PS 55-138
Experimental greenhouse and field trials on American Ginseng, Panax quinquefolium: Implications for restoration in Appalachia

Wednesday, August 12, 2015
Exhibit Hall, Baltimore Convention Center
Emily C. Thyroff, Biology Department, James Madison University, Harrisonbrug, VA
Dr. Heather P. Griscom, Biology Department, James Madison University, Harrisonburg, VA

Panax quinquefolium, American ginseng, is one of the most valuable non-timber forest products, NTFPs, by providing economic, cultural, and ecological ecosystem services in forests. Although ginseng has a broad distribution range, it is not abundant anywhere due to overharvesting and deer browse. This study included experimental field and greenhouse trials to determine optimal growing conditions given discrepancies regarding aspect and soil. Three soil series were tested and either aspect (in the field) or soil moisture (in the greenhouse), a component of aspect, were manipulated in a factorial design resulting in six treatments. We hypothesized that there would be significant differences in ginseng performance (germination, survival, height, and leaf area) due to soil, aspect (field), and soil moisture (greenhouse). We predicted that ginseng would grow best in loam soil that was limed and perform the poorest in sandy loam soils. We also predicted that ginseng would grow best on northern sites or high soil moisture and poorest on southern sites or low soil moisture.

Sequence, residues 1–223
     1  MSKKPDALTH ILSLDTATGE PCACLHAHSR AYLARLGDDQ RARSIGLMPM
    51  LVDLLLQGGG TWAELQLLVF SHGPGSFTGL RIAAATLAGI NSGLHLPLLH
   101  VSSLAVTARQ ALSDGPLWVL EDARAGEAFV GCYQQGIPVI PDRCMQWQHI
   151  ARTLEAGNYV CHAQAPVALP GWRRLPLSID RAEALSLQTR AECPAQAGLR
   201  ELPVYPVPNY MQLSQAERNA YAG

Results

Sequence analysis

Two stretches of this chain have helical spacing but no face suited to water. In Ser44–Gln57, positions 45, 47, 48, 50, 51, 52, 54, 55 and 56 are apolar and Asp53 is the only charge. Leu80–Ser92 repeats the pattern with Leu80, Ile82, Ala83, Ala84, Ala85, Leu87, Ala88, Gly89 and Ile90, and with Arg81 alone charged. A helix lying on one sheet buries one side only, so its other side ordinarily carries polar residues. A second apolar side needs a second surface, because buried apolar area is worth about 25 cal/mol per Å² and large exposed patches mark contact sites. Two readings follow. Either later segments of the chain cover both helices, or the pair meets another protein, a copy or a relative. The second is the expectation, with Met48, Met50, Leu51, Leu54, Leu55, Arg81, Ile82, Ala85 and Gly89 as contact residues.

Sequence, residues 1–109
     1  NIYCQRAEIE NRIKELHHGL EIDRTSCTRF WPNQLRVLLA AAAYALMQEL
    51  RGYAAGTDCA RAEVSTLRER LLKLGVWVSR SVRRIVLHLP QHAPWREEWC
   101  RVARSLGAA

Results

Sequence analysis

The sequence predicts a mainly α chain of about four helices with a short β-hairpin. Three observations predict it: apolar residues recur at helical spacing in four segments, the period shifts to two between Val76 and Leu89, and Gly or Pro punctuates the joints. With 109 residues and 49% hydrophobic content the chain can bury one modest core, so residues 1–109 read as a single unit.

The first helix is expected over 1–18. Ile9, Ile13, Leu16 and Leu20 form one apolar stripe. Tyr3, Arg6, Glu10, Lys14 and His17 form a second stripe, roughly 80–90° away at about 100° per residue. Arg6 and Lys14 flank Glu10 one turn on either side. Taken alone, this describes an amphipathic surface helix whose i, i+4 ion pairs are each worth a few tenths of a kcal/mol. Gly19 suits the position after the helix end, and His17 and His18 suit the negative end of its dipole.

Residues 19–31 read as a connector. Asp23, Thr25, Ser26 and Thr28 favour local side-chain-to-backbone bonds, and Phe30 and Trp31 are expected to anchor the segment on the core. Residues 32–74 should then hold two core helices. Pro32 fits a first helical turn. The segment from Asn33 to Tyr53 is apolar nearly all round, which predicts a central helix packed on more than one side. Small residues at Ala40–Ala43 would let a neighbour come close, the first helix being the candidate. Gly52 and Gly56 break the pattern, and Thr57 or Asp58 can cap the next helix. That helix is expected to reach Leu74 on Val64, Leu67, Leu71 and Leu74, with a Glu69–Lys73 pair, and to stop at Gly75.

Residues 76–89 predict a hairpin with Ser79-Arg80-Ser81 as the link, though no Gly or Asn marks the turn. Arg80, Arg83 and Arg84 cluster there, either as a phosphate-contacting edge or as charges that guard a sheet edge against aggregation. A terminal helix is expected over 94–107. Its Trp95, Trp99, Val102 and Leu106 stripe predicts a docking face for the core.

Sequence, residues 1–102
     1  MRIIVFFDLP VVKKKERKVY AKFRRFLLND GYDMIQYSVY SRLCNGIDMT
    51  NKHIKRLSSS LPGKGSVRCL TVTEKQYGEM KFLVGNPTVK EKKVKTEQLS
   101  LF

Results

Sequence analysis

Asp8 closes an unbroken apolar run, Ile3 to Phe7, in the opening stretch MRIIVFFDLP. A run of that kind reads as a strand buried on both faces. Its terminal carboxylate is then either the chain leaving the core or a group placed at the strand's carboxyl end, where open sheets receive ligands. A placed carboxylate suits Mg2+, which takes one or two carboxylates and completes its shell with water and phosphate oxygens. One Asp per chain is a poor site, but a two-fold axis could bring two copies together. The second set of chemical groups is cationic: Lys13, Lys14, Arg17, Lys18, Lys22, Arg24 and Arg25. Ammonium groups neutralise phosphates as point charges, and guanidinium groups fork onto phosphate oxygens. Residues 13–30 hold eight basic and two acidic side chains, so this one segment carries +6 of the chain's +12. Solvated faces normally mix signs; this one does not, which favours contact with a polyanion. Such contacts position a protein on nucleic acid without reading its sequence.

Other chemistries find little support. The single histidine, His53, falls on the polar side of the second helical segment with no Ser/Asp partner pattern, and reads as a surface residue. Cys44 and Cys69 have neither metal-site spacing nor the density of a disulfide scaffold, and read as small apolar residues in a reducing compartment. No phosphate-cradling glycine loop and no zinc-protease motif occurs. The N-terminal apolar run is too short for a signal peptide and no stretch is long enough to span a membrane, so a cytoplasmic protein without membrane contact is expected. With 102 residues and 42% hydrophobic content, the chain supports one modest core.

We found that soil type had a significant effect on height and leaf area in greenhouse and field trials (< 0.05). On average, field ginseng from the limed loam soil was 6 mm taller and 1250 mm2 larger in total leaf area than ginseng from sandy loam. Surprisingly, we found no effect of aspect or soil moisture on ginseng growth or survival. Having a better understanding of the ecology of ginseng, especially soil series, will help create a ginseng habitat model for national forests and private lands.